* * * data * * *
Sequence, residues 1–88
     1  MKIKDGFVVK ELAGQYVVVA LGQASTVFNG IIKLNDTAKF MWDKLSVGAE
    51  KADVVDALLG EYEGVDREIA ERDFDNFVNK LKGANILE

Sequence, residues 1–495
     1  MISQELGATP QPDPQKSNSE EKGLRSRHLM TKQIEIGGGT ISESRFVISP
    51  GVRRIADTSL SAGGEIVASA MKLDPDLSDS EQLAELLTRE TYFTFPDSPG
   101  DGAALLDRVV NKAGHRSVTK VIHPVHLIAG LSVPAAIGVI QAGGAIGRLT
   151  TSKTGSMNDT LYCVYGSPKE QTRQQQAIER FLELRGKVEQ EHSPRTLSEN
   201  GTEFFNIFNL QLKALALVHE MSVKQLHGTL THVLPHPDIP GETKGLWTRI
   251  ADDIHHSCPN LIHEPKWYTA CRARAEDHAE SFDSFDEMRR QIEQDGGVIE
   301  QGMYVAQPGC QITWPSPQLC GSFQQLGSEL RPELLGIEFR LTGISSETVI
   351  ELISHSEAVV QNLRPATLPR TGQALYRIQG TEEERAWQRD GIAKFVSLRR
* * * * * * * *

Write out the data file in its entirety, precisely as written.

Sequence, residues 1–88
     1  MKIKDGFVVK ELAGQYVVVA LGQASTVFNG IIKLNDTAKF MWDKLSVGAE
    51  KADVVDALLG EYEGVDREIA ERDFDNFVNK LKGANILE

Sequence, residues 1–495
     1  MISQELGATP QPDPQKSNSE EKGLRSRHLM TKQIEIGGGT ISESRFVISP
    51  GVRRIADTSL SAGGEIVASA MKLDPDLSDS EQLAELLTRE TYFTFPDSPG
   101  DGAALLDRVV NKAGHRSVTK VIHPVHLIAG LSVPAAIGVI QAGGAIGRLT
   151  TSKTGSMNDT LYCVYGSPKE QTRQQQAIER FLELRGKVEQ EHSPRTLSEN
   201  GTEFFNIFNL QLKALALVHE MSVKQLHGTL THVLPHPDIP GETKGLWTRI
   251  ADDIHHSCPN LIHEPKWYTA CRARAEDHAE SFDSFDEMRR QIEQDGGVIE
   301  QGMYVAQPGC QITWPSPQLC GSFQQLGSEL RPELLGIEFR LTGISSETVI
   351  ELISHSEAVV QNLRPATLPR TGQALYRIQG TEEERAWQRD GIAKFVSLRR